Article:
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Blu Tuesday: Don Jon, Ninja II and Hell Baby

Every Tuesday, I review the newest Blu-ray releases and let you know whether they’re worth buying, renting or skipping, along with a breakdown of the included extras. If you see something you like, click on the cover art to purchase the Blu-ray from Amazon, and be sure to share each week’s column on Facebook and Twitter with your friends.

“Don Jon”

WHAT: There are only a few things that New Jersey bachelor Jon (Joseph Gordon-Levitt) really cares about in life: his body, his pad, his ride, his family, his church, his boys, his girls and his porn. When he starts dating the gorgeous but bossy Barbara (Scarlett Johansson), however, he’s forced to rethink his porn addiction and the unrealistic expectations that it brings.

WHY: Joseph Gordon-Levitt is one of the most talented actors of his generation, and the fact that he was able to write and direct such a smartly funny movie on his first attempt is enough to make anyone feel unaccomplished by comparison. But it’s hard to be jealous of someone as charming, modest and hard-working as Gordon-Levitt, whose immensely likeable screen presence even bleeds into his title role as the womanizing, porn-addicted guido. The actor was wise to keep things simple for his directorial debut, and though “Don Jon” starts to feel a bit repetitive by the third act, that’s mostly due to the story’s structure, which uses repetition for comedic purposes, from the familiar boot-up sound of his Macbook, to the weekly church visits for confession. It’s much harder to pull off than it looks, but between his razor-sharp script and the strong performances from his cast (including Tony Danza as Jon’s stereotypical Italian father), Gordon-Levitt makes it seem almost effortless.

EXTRAS: The Blu-ray release includes a making-of featurette, four additional featurettes and a trio of HitRECord short films.

FINAL VERDICT: RENT

“Ninja II: Shadow of a Tear”

WHAT: When his pregnant wife is killed by a mysterious assassin, ninjitsu master Casey Bowman (Scott Adkins) tracks down the man responsible in order to exact his revenge, uncovering a Japanese drug ring along the way.

WHY: Scott Adkins is probably one of the most talented martial artists working in Hollywood today, and if you’re wondering why he’s not a bigger star by now, it’s because he’s a terrible actor. “Ninja II: Shadow of a Tear” is exactly the type of B-movie that Adkins will spend the rest of his career making, and that’s a shame, because it features some of the best fight sequences of the year. There’s no wire work or CG involved, and director Isaac Florentine doesn’t resort to close-ups or quick cuts either, instead giving each fight plenty of room to breathe so that you can fully appreciate the incredible skill on display. Adkins impresses in every action sequence, but unfortunately, the movie comes to a screeching halt any time he opens his mouth. The rest of the acting isn’t much better, and the dumb-as-rocks storyline doesn’t help matters, but for fans of old school action films (one of the producers also bankrolled the “American Ninja” movies), “Ninja II: Shadow of a Tear” might as well have been discovered in a time capsule from the ‘80s.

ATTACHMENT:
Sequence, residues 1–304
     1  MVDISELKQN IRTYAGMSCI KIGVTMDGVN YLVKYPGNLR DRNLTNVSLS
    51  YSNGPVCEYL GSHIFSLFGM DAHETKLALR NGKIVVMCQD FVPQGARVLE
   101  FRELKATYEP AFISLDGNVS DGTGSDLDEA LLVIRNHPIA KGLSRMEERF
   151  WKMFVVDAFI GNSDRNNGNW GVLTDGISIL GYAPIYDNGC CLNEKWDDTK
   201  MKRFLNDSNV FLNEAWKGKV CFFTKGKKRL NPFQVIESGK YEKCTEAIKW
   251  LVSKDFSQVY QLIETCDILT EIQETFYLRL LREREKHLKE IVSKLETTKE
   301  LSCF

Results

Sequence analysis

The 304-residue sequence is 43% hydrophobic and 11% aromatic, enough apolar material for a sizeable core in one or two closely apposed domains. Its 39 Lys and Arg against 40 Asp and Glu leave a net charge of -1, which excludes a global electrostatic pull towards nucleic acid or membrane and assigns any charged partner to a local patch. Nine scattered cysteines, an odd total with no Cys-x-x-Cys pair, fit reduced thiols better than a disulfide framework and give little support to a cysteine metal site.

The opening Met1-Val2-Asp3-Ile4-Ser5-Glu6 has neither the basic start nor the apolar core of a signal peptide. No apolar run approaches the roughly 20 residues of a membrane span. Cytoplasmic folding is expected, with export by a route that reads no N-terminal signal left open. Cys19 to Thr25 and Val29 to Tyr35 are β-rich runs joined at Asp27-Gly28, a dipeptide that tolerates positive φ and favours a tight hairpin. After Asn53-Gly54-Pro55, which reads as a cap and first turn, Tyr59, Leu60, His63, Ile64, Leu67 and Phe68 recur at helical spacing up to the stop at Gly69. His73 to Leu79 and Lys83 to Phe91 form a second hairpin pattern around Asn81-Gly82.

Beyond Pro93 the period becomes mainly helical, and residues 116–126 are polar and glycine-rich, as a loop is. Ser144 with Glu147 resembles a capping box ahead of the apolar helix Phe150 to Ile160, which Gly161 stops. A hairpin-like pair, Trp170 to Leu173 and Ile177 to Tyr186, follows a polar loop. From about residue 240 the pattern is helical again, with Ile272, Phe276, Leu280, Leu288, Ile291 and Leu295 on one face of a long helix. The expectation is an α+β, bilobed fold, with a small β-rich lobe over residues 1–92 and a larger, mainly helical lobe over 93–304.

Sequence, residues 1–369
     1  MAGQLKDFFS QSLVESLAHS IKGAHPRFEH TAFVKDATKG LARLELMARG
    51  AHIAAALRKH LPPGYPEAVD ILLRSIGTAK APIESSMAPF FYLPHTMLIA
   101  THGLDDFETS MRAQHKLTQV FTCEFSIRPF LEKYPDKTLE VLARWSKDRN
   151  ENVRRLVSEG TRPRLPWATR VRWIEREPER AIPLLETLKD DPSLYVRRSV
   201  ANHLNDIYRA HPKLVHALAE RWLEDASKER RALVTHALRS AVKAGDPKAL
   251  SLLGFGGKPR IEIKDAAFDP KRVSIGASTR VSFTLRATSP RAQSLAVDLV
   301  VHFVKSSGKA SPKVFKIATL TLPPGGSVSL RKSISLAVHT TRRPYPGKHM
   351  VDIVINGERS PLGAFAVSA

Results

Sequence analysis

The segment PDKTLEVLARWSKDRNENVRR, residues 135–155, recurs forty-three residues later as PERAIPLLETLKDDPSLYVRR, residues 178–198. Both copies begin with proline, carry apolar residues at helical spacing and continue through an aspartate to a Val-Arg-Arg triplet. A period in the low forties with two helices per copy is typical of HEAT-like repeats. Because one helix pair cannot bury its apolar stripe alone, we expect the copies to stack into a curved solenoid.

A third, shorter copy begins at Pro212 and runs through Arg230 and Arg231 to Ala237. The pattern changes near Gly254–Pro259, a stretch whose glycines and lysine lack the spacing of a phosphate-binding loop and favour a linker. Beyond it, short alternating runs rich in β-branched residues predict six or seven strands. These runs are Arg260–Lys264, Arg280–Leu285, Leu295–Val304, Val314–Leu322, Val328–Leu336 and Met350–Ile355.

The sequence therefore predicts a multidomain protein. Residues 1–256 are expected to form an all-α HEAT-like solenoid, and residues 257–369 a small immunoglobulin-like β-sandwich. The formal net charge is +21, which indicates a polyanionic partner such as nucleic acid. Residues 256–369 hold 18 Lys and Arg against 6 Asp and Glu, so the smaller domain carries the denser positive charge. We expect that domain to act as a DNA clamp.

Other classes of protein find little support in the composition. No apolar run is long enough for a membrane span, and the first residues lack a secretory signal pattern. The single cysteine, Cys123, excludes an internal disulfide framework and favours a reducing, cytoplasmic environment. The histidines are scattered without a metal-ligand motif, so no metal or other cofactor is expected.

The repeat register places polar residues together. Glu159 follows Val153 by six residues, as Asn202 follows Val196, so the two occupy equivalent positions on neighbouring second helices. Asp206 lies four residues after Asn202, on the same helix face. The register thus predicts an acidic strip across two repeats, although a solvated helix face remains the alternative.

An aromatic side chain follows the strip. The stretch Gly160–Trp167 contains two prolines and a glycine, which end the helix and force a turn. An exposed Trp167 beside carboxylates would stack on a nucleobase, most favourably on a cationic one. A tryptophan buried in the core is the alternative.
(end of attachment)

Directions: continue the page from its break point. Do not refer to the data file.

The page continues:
EXTRAS: There’s a short making-of featurette, cast and crew interviews and some behind the scenes footage from production.

FINAL VERDICT: RENT

“Hell Baby”

WHAT: After a couple moves into a haunted house in New Orleans, expectant mother Vanessa (Leslie Bibb) becomes possessed by a demon spirit, prompting her husband Jack (Rob Corddry) to call on the services of the Vatican’s elite exorcism team.

WHY: I’m absolutely flabbergasted that “Hell Baby” not only managed to get into this year’s Sundance Film Festival, but that some people actually liked it, because it’s easily one of the worst movies of 2013. Written and directed by Thomas Lennon and Robert Ben Garant (“Reno 911,” “The State”), who also co-star as a pair of Vatican exorcists with some of the worst Italian accents in cinema history, “Hell Baby” doesn’t really work as a comedy or a horror movie. Though Rob Corddry earns a few laughs as the straight man of the ensemble, and Keegan-Michael Key is amusing as the couple’s interloping neighbor, most of the jokes fall horribly flat. The film feels like it was thrown together over the course of a few days, with no mention that the titular hell baby even exists until it emerges from Vanessa’s womb in the final act. The whole thing is incredibly stupid, relying on gags that are drawn out so long that even the mildly entertaining ones (like the po’ boy scenes) become annoying after a while. Avoid this movie like the plague.

EXTRAS: There’s a large collection of deleted scenes and two gag reels, but that’s all.

FINAL VERDICT: SKIP

  

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